Wright was right: Leveraging old data and new methods to illustrate the critical role of epistasis in genetics and evolution. Academic Article uri icon


  • Much of evolutionary theory is predicated on assumptions about the relative importance of simple additive versus complex epistatic genetic architectures. Previous work suggests traits strongly associated with fitness will lack additive genetic variation, whereas traits less strongly associated with fitness are expected to exhibit more additive genetic variation. We use a quantitative genetics method, line cross analysis, to infer genetic architectures that contribute to trait divergence. By parsing over 1600 datasets by trait type, clade, and cross divergence, we estimated the relative importance of epistasis across the tree of life. In our comparison between life history traits and morphological traits, we found greater epistatic contributions to life history traits. Our comparison between plants and animals showed that animals have more epistatic contribution to trait divergence than plants. In our comparison of within-species versus between-species crosses, we found that only animals exhibit a greater epistatic contribution to trait divergence as divergence increases. While many scientists have argued that epistasis is ultimately of little importance, our results show that epistasis underlies much of trait divergence and must be accounted for in theory and practical applications like domestication, conservation breeding design, and understanding complex diseases.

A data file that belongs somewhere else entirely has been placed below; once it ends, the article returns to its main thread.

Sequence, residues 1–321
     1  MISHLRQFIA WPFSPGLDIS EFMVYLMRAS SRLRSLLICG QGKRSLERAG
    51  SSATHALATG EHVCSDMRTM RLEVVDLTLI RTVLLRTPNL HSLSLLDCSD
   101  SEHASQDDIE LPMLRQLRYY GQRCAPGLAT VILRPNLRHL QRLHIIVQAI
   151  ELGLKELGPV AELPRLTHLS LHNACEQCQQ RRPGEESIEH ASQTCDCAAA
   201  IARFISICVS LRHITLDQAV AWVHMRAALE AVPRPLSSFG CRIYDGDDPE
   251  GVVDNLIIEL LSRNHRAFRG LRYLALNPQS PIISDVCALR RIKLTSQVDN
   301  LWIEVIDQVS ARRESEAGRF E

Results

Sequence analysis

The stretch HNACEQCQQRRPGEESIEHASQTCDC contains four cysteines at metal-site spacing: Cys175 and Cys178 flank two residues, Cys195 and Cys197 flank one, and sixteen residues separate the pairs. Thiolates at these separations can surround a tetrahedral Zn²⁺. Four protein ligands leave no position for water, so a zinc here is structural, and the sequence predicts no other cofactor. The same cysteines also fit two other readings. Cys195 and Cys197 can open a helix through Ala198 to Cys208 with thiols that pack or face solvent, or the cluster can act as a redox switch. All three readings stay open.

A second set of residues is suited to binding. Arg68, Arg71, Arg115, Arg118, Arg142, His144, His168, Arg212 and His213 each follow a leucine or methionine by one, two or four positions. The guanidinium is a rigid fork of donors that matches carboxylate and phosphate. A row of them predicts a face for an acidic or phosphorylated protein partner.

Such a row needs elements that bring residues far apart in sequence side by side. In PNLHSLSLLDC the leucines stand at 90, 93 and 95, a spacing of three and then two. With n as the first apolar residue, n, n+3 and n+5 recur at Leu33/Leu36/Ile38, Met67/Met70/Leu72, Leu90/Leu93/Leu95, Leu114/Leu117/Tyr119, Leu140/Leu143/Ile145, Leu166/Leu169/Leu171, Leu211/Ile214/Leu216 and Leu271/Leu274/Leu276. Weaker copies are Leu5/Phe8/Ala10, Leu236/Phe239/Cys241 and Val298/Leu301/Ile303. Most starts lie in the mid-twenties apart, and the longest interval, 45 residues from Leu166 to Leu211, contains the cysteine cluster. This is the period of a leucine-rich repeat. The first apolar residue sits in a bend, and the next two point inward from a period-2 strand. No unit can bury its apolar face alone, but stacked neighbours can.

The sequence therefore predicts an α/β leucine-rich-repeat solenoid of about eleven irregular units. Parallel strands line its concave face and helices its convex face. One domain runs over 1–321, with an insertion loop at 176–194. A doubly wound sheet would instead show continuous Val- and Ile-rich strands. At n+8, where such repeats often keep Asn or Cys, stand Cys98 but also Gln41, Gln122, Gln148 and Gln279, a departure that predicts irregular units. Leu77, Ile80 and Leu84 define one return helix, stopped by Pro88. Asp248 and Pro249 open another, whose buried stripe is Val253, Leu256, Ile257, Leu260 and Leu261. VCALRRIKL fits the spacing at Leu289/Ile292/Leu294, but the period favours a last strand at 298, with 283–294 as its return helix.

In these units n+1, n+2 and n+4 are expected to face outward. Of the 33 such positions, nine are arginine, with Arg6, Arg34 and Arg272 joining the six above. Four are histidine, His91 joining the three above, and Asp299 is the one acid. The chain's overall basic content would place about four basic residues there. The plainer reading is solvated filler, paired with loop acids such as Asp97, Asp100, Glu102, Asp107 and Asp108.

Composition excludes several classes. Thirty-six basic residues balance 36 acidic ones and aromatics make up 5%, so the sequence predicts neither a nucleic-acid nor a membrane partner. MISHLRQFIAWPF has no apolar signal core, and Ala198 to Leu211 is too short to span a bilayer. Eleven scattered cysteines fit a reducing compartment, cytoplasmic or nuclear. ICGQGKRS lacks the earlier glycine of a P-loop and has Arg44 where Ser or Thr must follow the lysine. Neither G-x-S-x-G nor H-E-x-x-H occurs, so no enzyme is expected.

published proceedings

  • Evolution

author list (cited authors)

  • Burch, J., Chin, M., Fontenot, B. E., Mandal, S., McKnight, T. D., Demuth, J. P., & Blackmon, H.

complete list of authors

  • Burch, Jorja||Chin, Maximos||Fontenot, Brian E||Mandal, Sabyasachi||McKnight, Thomas D||Demuth, Jeffery P||Blackmon, Heath

publication date

  • January 2024